Welcome to the thirties!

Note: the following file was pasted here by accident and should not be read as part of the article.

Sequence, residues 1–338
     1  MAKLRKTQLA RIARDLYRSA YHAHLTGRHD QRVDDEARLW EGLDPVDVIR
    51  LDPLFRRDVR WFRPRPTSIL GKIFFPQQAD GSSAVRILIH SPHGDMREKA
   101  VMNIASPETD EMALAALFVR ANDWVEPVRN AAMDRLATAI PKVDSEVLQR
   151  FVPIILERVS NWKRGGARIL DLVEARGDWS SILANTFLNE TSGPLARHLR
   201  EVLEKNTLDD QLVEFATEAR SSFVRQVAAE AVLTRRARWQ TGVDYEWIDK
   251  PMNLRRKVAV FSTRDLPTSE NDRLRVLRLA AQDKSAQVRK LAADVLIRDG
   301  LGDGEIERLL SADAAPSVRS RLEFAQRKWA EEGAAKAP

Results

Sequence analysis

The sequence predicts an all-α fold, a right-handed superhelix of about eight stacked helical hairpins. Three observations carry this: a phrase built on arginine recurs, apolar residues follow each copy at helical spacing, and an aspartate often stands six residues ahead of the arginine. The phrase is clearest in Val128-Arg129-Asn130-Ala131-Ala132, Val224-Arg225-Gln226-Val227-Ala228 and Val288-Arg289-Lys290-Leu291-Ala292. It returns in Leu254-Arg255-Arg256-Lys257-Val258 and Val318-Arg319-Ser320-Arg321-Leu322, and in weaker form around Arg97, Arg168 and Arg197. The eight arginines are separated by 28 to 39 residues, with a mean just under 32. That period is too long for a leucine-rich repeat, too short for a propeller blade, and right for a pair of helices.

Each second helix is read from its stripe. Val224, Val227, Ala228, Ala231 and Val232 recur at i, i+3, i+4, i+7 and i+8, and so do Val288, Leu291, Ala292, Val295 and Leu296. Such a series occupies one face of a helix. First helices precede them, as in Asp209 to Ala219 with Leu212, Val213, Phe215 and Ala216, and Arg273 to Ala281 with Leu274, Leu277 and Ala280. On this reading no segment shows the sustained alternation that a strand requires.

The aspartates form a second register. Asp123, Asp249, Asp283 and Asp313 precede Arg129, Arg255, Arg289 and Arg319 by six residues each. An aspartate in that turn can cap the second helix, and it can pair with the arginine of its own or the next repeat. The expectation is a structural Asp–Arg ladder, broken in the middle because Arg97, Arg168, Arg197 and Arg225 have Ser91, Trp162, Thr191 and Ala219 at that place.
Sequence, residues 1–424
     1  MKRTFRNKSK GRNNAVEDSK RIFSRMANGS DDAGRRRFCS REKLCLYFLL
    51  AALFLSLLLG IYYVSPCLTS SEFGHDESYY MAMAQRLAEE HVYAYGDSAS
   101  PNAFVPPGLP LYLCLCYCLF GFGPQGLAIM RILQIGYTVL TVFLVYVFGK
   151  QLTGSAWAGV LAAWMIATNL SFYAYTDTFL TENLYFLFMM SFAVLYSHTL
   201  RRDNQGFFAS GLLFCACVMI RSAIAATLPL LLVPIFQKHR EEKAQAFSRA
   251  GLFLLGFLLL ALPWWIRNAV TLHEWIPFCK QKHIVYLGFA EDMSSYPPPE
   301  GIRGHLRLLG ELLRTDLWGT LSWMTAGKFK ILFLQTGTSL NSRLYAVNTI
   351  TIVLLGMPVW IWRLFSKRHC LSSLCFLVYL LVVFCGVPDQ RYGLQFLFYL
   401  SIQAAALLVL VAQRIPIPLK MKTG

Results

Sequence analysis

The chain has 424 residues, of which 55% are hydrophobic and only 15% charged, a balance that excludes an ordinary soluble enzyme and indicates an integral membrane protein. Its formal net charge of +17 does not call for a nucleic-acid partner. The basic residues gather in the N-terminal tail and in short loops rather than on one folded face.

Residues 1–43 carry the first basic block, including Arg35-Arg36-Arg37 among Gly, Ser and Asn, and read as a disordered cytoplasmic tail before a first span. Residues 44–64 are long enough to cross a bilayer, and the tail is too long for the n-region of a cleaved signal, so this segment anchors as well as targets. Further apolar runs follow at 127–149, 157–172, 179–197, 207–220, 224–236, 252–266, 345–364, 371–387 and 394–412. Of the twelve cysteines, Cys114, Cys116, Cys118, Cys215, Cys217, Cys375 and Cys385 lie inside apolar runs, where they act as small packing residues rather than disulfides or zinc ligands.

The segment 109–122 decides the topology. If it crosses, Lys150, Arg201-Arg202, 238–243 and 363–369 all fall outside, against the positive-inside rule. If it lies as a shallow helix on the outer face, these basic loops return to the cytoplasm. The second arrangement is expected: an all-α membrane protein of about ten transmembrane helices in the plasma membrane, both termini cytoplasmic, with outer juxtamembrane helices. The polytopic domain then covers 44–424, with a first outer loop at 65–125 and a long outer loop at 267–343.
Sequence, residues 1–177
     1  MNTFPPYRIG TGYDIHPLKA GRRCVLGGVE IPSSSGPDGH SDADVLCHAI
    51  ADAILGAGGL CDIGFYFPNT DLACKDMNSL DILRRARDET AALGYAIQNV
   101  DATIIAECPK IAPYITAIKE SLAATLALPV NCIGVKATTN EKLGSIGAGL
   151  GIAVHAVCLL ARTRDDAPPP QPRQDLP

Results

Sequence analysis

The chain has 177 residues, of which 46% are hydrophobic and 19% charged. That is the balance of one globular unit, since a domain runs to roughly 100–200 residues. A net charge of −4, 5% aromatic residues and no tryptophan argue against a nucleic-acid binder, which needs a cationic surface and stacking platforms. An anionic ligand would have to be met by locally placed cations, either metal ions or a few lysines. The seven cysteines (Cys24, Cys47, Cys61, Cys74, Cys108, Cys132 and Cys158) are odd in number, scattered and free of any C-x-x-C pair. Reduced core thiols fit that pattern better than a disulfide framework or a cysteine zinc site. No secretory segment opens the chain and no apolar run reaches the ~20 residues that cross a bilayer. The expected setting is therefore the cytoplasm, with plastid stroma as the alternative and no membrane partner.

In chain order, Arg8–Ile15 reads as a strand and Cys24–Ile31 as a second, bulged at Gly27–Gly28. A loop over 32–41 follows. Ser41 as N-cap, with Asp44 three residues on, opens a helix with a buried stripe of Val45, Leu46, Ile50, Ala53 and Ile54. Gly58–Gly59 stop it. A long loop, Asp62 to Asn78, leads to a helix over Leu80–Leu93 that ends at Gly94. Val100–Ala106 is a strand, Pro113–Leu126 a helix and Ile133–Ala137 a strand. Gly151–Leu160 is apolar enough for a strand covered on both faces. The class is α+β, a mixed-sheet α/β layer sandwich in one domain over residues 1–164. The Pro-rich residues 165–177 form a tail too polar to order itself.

"In his momentous paper "On Computable Numbers, with an Application to the Entscheidungsproblem", Turing reformulated Kurt Gödel's 1931 results on the limits of proof and computation, replacing Gödel's universal arithmetic-based formal language with what became known as Turing machines, formal and simple devices. He proved that some such machine would be capable of performing any conceivable mathematical computation if it were representable as an algorithm. He went on to prove that there was no solution to the Entscheidungsproblem by first showing that the halting problem for Turing machines is undecidable: it is not possible to decide, in general, algorithmically whether a given Turing machine will ever halt. While his proof was published subsequent to Alonzo Church's equivalent proof in respect to his lambda calculus, Turing was unaware of Church's work at the time."